Monday, June 20, 2016

New report highlights how Mexico remains unsafe, particularly for people affected by HIV

(Toronto, June 20, 2016) — Canada should remove Mexico from its refugee ‘safe’ list because of the country’s serious human rights abuses, the University of Toronto’s International Human Rights Program (IHRP) said in a new report released today. Failure to do so could place Canada in violation of its international legal obligations.

‘Unsafe’ and on the Margins: Canada’s Response to Mexico’s Mistreatment of Sexual Minorities and People Living with HIVThe 54-page report, “‘Unsafe’ and on the Margins: Canada’s Response to Mexico’s Mistreatment of Sexual Minorities and People Living with HIV,” (PDF) is based on IHRP field research in Mexico, including interviews with more than 50 Mexican healthcare providers, human rights activists, members of the lesbian, gay, bisexual, transgender and intersex (LGBTI) community, people living with HIV, journalists, and academics, all of whom testify to widespread discrimination and rights-violations in Mexico’s healthcare delivery. The release of the report, funded by the Elton John AIDS Foundation, coincides with World Refugee Day on June 20 as well as Canada’s first-ever pride month.

Despite some progressive legislation, including universal healthcare and a federal commitment to non-discrimination, in practice, Mexico’s most vulnerable communities continue to encounter significant obstacles to accessing these rights. As a result, the country remains unsafe for many, particularly people living with HIV or at heightened risk of infection, and especially sexual minorities and marginalized populations. Nevertheless, Mexico appears on Canada’s designated country of origin (DCO) list, which entitles Mexican claimants to only half the time claimants from non-DCO countries get to prepare their claims, and creates the possibility of prejudgment among decision-makers, the report said.

“While Mexico has undertaken significant reforms to combat discrimination and human rights violations, people living with HIV, sexual minorities and other vulnerable Mexicans still have little protection when their rights are violated,” said Samer Muscati, IHRP director. “Mexico’s failure to investigate and hold perpetrators accountable for violent crimes against marginalized populations is completely at odds with Canada’s designation of the country as ‘safe’.”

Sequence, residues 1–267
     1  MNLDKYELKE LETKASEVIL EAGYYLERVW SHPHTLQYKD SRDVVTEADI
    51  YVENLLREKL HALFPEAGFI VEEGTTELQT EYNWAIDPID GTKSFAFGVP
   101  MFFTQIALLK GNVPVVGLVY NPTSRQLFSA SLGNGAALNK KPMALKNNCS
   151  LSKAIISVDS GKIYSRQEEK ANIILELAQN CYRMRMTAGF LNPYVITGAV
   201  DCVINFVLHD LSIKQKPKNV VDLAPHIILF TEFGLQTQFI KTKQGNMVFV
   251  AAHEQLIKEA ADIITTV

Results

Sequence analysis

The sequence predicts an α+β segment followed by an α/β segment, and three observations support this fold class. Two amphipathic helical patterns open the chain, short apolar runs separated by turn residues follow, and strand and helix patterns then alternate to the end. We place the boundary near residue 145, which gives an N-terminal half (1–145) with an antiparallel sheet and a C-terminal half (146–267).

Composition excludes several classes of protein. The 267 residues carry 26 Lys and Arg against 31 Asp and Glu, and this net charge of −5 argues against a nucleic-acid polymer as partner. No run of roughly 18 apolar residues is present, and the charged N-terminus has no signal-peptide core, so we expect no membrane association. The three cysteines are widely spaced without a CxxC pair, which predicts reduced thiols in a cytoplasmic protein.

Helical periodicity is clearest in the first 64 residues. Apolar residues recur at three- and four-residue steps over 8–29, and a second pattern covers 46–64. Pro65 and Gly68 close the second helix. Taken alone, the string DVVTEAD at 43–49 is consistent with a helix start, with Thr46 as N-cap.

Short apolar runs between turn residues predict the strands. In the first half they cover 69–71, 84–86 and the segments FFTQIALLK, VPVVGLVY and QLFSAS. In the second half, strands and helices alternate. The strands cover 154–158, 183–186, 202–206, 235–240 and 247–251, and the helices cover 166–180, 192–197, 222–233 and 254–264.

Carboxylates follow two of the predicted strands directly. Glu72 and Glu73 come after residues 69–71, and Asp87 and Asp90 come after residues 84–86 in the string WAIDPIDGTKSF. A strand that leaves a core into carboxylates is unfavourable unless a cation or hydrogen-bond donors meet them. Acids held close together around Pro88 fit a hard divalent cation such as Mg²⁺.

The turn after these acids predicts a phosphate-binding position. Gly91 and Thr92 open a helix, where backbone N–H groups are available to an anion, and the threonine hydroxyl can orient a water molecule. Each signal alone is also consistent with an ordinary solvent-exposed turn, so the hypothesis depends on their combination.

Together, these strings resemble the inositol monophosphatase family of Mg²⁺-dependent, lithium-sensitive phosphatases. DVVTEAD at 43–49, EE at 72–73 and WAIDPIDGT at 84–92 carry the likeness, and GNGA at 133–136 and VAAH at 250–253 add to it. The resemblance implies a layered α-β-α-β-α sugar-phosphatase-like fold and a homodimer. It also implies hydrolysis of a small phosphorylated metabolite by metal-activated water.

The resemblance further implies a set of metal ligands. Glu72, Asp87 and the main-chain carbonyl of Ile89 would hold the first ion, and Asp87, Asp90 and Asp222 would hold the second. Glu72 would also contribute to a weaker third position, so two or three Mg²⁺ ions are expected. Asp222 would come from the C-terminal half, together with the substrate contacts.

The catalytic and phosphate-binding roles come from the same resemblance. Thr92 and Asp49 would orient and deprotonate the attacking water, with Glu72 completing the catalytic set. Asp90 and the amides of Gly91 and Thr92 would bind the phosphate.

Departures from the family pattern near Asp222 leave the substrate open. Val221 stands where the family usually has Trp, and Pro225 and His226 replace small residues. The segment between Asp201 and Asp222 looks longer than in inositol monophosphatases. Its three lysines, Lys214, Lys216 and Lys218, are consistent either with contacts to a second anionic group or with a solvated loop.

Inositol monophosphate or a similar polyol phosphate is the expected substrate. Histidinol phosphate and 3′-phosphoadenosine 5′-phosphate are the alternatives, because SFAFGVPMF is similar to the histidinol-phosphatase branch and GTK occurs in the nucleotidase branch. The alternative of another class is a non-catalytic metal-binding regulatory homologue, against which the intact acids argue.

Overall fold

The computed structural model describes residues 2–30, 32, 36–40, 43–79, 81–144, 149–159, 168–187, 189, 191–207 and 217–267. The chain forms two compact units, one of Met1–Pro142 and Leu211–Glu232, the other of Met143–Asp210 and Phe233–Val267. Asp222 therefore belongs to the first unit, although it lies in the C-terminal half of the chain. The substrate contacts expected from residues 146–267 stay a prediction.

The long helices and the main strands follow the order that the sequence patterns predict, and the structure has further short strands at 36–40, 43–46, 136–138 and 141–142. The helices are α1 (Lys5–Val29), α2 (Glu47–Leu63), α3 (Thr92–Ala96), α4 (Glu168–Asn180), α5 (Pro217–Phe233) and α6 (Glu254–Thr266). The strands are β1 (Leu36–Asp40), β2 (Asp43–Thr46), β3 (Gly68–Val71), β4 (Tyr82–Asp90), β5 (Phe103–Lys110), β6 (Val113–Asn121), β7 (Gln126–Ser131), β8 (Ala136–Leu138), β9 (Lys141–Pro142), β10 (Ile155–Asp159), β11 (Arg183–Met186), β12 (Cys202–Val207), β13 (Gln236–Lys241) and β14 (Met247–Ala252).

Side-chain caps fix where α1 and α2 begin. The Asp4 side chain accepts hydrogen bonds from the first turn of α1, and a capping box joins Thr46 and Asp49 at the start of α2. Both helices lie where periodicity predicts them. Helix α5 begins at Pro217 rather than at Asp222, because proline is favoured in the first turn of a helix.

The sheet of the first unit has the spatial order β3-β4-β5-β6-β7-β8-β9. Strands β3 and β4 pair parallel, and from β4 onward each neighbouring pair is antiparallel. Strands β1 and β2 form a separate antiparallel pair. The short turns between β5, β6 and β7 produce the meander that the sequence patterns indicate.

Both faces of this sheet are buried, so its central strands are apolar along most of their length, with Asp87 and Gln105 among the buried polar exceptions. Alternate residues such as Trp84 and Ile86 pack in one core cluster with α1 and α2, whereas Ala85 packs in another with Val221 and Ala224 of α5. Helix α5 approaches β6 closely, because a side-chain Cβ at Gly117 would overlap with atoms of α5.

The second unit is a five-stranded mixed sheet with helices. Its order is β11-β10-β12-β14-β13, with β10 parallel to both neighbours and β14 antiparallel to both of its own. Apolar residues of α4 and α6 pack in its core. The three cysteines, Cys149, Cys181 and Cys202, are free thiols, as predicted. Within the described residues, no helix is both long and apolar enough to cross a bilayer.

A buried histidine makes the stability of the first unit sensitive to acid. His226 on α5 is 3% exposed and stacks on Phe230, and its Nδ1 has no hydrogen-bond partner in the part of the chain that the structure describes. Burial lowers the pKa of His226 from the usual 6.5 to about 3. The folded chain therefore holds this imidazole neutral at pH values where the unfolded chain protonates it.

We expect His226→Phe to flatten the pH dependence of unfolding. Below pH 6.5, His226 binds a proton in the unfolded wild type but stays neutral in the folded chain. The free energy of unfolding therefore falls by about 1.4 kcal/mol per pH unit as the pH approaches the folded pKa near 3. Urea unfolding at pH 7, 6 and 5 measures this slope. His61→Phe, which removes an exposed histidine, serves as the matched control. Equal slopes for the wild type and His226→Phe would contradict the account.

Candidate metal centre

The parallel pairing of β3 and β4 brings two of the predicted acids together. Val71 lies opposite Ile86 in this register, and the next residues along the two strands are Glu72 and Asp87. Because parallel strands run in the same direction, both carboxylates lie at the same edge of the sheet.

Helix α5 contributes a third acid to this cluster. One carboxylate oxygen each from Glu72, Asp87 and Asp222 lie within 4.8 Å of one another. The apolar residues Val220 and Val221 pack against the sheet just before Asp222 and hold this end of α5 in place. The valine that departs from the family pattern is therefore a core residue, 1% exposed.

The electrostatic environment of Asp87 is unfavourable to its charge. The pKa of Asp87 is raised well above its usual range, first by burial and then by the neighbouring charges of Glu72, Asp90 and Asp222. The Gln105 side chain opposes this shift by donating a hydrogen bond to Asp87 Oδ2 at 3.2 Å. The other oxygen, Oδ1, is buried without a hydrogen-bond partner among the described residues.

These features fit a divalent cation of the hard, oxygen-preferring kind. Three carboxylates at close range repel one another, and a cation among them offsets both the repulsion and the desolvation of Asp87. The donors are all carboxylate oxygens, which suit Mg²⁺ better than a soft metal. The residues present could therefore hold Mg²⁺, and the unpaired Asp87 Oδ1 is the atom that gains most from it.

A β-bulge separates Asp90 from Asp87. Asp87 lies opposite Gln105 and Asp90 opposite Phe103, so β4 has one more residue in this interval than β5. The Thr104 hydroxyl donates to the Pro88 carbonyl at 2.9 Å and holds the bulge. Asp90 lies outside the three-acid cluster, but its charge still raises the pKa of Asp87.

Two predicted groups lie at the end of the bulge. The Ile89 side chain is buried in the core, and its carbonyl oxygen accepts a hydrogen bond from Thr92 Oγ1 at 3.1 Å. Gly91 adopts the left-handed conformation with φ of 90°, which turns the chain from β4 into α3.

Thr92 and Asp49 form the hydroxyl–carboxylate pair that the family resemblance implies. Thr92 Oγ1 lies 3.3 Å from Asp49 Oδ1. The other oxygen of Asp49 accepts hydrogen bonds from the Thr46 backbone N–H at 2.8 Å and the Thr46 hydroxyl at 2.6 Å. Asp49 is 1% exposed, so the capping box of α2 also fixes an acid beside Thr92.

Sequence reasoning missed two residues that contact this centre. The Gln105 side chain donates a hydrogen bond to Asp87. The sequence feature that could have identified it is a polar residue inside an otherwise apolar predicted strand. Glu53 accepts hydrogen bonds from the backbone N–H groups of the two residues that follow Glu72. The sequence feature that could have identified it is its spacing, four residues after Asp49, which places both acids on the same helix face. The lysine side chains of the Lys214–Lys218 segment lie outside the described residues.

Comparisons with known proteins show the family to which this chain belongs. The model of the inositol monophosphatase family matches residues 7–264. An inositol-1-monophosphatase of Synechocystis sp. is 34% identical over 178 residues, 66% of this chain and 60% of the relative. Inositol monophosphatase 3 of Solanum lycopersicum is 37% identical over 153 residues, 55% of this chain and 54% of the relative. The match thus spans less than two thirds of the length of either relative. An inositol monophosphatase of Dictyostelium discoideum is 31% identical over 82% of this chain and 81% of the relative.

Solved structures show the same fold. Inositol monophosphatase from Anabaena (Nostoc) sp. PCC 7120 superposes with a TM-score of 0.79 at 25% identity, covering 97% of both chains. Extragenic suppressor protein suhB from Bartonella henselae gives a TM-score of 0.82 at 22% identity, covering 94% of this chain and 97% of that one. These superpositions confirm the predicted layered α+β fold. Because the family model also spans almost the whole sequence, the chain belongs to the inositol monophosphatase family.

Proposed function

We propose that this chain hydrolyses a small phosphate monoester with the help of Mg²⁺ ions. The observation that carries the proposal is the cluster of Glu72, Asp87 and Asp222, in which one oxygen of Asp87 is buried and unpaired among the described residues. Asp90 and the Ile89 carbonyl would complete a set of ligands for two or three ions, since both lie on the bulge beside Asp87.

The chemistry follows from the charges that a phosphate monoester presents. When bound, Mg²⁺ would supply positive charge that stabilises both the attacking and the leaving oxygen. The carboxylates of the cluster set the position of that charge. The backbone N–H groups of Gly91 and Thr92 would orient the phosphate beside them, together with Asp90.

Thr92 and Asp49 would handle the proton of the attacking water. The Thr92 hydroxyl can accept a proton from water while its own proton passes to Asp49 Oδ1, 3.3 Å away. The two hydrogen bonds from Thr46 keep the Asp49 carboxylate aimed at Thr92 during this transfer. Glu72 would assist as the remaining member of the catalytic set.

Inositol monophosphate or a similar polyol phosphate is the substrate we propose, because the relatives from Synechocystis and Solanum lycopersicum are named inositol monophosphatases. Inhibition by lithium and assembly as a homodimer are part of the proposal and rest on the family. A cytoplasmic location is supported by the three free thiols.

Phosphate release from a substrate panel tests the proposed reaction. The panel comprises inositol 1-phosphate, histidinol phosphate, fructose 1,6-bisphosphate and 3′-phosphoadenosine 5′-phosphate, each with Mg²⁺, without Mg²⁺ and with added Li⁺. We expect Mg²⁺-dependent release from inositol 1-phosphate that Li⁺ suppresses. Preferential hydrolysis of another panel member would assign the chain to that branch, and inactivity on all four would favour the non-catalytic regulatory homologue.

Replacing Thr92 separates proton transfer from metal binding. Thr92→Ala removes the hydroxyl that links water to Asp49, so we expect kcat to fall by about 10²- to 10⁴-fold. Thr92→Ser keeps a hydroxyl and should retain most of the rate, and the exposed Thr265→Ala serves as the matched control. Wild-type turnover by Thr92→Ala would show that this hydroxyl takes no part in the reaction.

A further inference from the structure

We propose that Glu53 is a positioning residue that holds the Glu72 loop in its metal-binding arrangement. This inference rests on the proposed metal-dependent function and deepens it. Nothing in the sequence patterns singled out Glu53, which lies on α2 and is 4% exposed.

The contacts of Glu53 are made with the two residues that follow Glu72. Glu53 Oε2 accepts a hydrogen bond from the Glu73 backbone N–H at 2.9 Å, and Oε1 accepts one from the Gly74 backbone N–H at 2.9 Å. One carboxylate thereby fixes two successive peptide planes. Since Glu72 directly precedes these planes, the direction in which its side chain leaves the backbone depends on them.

The report raises concerns that Canada is circumventing its international legal obligations by keeping Mexico on the ‘safe’ country list. As a signatory to the 1951 Refugee Convention and the 1967
Protocol, Canada has a duty to not discriminate against refugee claimants by reason of their race, religion or country of origin.

According to the report, systemic discrimination and unlawful denial of healthcare to people living with HIV and populations at heightened risk of infection contravene Mexico’s international legal obligations. Proper and timely HIV treatment can mean a healthy life-span for people living with HIV, but late diagnosis or lack of consistent treatment creates a high risk of life-threatening infection and higher likelihood of transmission.

Furthermore, Mexico’s failure to adequately fund HIV prevention or education programs has contributed to a culture of stigma and discrimination against people living with HIV. Health advocates told the IHRP about ignorance and misinformation about HIV within the medical community, breaches of confidentiality, denial of healthcare or segregation within healthcare centres, and other human rights abuses against people living with HIV.

The report calls on Canada in its capacity as a champion of human rights, both domestically and internationally, and also as Mexico’s third-largest trading partner. As expressed in the report’s recommendations, Canada should urge Mexico to ensure that people living with HIV are able to access healthcare services free from obstruction or discrimination. The report also encourages Canada to offer assistance to Mexico to develop protocols for healthcare professionals to ensure equal and consistent access to healthcare, with particular emphasis on people living with HIV, in accordance with Mexico’s international legal obligations.

“A country that regularly denies access to fundamental health rights and HIV treatment for its marginalized communities cannot be called a ‘safe’ country,” said Muscati. “Mexico may be one of Canada’s largest trading partners, but Canada has an obligation to look past that relationship and acknowledge the harsh reality facing sexual minorities and others affected by HIV in Mexico.”

Read the full report (PDF)